The trail was a nature trail that took you through a section of the forest that had been part of a wildfire in 2001. This trail shows how the forest rejuvenates after such hot conditions. Though fires were once thought to be a horrible problem, research has shown that fires are actually beneficial to nature. So what does a forest look like 16 years after being scorched? Green – lots of green everywhere. The growth of the forest is not only in trees, but all sorts of bushes, flowers, plants and in return certain animals come to those areas searching for the very nutrients that are present during a forest fire recovery.

The trail started out great. Easy to navigate, not muddy, clearly defined so I opted to not put on hiking boots for it was only a mile long. I soon regretted that decision. The trail got smaller and smaller for it was taken over by the forest growth. The trail was hard to find in some places and I personally knocked off all of the rain from the trail plants and was soon dripping water from my knees down –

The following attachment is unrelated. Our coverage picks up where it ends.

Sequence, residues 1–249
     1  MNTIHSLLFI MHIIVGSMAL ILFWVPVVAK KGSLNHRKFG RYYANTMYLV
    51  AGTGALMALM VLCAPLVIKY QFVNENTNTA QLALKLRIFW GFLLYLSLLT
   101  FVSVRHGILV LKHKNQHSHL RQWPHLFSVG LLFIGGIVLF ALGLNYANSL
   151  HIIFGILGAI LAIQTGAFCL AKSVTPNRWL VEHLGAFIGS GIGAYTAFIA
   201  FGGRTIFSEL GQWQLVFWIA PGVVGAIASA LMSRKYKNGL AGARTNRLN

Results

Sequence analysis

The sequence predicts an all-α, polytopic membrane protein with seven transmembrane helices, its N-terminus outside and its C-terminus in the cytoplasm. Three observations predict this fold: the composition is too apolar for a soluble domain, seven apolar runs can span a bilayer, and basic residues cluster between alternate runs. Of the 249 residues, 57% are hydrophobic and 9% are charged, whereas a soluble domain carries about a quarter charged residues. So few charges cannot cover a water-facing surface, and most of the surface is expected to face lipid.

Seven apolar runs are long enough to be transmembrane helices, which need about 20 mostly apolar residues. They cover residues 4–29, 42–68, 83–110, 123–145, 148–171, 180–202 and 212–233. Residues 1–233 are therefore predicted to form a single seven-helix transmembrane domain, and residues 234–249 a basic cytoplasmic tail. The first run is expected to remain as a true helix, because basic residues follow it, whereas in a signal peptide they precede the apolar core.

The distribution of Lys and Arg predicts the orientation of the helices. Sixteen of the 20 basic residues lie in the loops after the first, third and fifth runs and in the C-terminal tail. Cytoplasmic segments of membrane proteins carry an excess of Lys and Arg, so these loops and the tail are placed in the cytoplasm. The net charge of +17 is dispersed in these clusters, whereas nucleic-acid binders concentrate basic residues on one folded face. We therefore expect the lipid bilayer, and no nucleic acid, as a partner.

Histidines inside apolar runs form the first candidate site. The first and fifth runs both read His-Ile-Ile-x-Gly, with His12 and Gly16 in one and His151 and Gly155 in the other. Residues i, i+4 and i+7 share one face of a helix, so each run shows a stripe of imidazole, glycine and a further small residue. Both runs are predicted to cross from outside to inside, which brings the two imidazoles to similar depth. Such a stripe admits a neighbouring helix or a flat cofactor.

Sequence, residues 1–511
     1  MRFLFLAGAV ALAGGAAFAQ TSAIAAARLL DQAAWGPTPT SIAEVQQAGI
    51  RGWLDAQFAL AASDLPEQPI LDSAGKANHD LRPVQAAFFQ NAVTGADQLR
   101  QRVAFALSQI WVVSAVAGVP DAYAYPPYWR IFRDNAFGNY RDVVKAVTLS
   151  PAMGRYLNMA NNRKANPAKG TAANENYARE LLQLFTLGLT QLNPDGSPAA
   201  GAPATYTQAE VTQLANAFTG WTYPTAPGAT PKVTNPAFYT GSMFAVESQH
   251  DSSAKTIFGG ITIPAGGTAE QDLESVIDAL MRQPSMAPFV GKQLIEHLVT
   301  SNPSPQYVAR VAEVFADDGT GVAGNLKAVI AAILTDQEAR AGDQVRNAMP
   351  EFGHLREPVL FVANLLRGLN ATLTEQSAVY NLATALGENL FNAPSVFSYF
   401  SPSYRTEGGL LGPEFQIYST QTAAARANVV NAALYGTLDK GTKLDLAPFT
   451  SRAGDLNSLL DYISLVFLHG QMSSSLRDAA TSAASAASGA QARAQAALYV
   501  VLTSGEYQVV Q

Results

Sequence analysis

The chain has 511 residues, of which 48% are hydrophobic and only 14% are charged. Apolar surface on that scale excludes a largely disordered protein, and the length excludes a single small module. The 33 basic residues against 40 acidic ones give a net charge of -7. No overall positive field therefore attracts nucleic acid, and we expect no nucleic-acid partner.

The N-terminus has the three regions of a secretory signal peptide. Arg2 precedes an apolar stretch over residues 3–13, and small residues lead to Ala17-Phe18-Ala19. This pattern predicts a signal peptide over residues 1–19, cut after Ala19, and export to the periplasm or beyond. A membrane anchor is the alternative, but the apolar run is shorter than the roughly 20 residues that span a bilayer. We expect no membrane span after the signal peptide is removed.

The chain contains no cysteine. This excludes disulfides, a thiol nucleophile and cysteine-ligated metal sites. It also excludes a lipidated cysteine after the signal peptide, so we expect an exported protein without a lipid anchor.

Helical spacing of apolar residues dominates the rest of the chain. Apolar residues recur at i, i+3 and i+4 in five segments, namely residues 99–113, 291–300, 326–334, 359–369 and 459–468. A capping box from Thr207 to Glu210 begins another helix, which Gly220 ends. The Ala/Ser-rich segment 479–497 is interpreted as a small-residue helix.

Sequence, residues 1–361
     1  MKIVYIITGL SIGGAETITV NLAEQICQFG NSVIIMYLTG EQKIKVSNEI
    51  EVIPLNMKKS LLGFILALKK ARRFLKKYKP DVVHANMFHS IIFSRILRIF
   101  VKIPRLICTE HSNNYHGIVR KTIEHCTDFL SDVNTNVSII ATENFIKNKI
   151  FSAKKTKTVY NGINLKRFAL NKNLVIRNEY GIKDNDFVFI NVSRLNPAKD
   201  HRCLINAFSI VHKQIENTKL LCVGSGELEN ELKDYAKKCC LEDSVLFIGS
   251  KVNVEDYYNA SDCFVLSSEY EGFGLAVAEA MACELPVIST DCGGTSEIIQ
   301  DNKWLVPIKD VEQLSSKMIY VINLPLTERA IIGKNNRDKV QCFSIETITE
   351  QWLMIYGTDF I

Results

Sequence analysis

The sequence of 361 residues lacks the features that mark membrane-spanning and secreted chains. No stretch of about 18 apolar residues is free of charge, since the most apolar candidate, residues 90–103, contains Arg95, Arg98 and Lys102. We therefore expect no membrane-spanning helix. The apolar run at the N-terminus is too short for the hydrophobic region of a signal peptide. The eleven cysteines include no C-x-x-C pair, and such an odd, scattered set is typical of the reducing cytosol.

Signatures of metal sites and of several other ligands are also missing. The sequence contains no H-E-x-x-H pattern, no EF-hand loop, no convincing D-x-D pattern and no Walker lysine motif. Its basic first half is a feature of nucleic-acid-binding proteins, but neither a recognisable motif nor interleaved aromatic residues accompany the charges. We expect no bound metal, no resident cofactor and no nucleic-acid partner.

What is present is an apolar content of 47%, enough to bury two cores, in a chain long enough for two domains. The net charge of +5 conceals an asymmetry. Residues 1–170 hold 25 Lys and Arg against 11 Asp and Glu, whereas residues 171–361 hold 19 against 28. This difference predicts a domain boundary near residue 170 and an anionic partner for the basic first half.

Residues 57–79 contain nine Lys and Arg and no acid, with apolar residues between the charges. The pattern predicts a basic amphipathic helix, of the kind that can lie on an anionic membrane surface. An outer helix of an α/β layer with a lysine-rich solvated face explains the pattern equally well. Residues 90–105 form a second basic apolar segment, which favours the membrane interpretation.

soaked through my jeans, shoes, and my socks. It was a most unpleasant feeling. The trail did not look like it had been utilized in quite a while. Mosquitoes were vicious. They were everywhere. They were landing on Donald’s hat, biting through my shirt – could not get away. Could not stop for the 10 that were hitching a ride would turn into 50. I was actually a bit nervous on the trail for the growth was so thick that if an animal had been lurking nearby, it would have been hard to see. There were no other people around and thoughts of ‘what if’ played through my head. But I pushed those thoughts out of my mind when every step started reminding me that not putting on my hiking boots was a bad decision.